Women's and men's specialised knowledge of the value and diverse use of domesticated crop species and varieties extends to wild plants that are used as food in times of need or as medicines and sources of income.
This local knowledge is highly sophisticated and is traditionally shared and handed down between generations. Through experience, innovation and experimentation, sustainable practices are developed to protect soil, water and natural vegetation, including biological diversity. This has important implications for the conservation of plant genetic resources.
Local knowledge and sustainability: Some examplesDuring drought, famine and civil war, and even during the hungry season that is common to so many rural subsistence societies for survival, men and women rely heavily on their knowledge of wild foods. This may be prior knowledge that is still in the hands of the elderly or it may be new knowledge acquired through experimentation with different plants. In India and Southeast Asia at least 150 forest species have been identified as sources of emergency food.
A study of some Andean peasant communities in Peru showed that all family members harvest the crops but seed selection and reproduction for the next harvest and crop management and use (consumption, exchange or sale) are women's responsibility. For centuries, peasant communities have organised seed fairs after the harvest to spread and exchange seeds. Women play a major role by identifying and presenting the best seeds and in this way nurturing the conservation and diversification of plant genetic resources. In the Encanada district of Cajamarca alone, up to 1600 accessions of 12 native Andean crops were presented in a 1993 seed fair. Although the Cajamarca Province is not the richest region in tuber diversity, local women recognise up to 56 potato varieties.
In parts of Zambia, cassava leaves are the main and sometimes the only dark leafy vegetable. Women are well acquainted with the local varieties and select them for their palatability, and their ease of harvest. Introduced varieties, promoted for their starch yield, are not as acceptable as leaf food and are too tall for women to harvest easily.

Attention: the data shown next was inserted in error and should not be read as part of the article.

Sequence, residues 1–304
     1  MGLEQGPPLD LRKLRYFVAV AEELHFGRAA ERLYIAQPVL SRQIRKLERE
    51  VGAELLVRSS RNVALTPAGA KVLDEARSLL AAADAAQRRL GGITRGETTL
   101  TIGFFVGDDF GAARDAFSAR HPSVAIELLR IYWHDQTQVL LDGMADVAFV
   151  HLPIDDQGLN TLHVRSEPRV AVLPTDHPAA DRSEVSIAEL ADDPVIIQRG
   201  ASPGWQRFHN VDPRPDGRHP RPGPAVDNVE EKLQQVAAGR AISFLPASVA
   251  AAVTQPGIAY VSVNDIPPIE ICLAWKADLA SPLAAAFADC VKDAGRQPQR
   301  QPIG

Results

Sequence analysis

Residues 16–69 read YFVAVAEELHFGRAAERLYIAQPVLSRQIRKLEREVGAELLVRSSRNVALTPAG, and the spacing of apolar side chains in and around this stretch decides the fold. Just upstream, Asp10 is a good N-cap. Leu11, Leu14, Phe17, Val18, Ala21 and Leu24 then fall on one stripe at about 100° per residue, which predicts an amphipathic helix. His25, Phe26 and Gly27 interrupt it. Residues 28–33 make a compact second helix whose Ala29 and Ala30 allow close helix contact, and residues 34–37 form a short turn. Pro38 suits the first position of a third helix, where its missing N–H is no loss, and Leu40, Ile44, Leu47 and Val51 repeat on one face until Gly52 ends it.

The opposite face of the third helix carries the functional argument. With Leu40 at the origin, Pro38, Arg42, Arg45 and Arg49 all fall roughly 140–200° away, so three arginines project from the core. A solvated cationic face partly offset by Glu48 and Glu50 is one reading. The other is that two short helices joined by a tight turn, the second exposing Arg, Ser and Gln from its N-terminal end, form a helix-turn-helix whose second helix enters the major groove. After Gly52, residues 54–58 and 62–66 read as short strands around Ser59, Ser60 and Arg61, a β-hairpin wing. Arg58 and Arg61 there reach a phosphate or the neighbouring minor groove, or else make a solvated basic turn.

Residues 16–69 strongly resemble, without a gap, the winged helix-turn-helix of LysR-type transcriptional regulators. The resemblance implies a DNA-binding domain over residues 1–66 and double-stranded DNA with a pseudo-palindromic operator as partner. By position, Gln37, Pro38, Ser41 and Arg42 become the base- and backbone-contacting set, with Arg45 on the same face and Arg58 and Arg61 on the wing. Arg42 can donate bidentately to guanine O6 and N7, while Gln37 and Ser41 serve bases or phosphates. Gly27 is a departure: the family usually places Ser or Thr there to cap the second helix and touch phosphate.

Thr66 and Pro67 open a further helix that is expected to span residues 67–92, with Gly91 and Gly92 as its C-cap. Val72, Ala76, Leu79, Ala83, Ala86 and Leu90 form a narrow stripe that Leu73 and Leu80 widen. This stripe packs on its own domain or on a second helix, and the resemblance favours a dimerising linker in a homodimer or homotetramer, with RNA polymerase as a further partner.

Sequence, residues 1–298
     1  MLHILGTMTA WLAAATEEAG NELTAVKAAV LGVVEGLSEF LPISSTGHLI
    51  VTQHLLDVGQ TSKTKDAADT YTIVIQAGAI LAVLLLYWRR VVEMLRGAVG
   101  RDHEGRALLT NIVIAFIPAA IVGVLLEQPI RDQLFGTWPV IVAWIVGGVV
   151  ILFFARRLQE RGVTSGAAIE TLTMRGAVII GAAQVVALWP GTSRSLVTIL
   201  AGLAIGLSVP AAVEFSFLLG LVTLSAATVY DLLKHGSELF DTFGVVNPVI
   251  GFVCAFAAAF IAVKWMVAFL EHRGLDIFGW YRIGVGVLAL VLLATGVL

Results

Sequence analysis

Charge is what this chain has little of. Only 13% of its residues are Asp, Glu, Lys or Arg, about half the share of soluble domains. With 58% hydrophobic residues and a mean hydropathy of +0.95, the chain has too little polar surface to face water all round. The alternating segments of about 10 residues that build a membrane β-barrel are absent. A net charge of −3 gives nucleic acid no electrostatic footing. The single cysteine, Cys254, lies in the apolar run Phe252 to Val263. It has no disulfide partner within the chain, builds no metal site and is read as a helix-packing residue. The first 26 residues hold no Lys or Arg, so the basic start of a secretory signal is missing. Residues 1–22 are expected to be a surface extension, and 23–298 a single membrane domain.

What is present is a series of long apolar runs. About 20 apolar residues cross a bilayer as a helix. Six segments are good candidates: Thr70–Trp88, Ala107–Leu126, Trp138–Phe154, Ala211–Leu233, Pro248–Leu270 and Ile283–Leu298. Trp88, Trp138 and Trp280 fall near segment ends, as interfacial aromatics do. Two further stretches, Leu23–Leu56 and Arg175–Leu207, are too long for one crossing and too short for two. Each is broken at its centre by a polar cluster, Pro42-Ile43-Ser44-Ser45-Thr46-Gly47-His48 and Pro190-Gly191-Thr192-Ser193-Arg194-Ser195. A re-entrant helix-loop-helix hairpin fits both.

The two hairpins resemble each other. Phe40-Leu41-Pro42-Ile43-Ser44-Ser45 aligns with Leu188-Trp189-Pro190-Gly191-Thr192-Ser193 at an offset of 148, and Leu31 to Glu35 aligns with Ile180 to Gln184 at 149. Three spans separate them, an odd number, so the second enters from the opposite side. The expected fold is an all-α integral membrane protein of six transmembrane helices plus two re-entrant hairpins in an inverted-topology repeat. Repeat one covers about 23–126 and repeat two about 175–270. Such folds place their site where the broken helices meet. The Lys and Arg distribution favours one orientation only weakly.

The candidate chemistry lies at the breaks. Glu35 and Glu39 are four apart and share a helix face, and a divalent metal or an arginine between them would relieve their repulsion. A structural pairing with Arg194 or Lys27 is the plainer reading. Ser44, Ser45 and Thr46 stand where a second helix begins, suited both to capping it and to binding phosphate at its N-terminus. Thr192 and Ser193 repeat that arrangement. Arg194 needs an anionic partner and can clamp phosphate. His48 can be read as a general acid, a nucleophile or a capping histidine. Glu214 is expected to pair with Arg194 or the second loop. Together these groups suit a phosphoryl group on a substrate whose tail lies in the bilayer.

In Malaysia, among the Murut people, it is the women who are responsible for the management of planting materials, in making decisions on what planting materials to be used, time of planting, and in collection and storage of seeds. These women intentionally create pure lines. It is documented that among Karen women it is a common practice to exchange seeds with their relatives living in distant mountains. Some accounts reveal that women even walk for days after harvest season to visit their relatives and bring samples of the seeds that they have selected and developed. These seeds are then exchanged for seeds developed and selected by their relatives.
Women are major livestock managers in the Andes of Latin America and own a major portion of the animals. They do all the tasks of herding: directing animals to appropriate pastures, watching against straying and predation, returning them to corrals at night, etc.
In many regions, women are also responsible for the management of small livestock, including reproduction. As for plants, the choice of preferred traits in the breeding of animals includes adaptations to the local conditions, available feeds and resistance to disease.
The fact that plants and animals are often produced for a number of purposes adds further complexity to the selection process as multiple traits are sought. For example, sorghum may be grown for the grain and the stalk, sweet potatoes for the leaves as well as the root, and sheep may provide milk, wool and meat. Moreover, to create a favourable micro-environment and better manage space and time, several plant species that complement each other are frequently intercropped and mixed farming is often practised (crop, livestock and agro-forestry).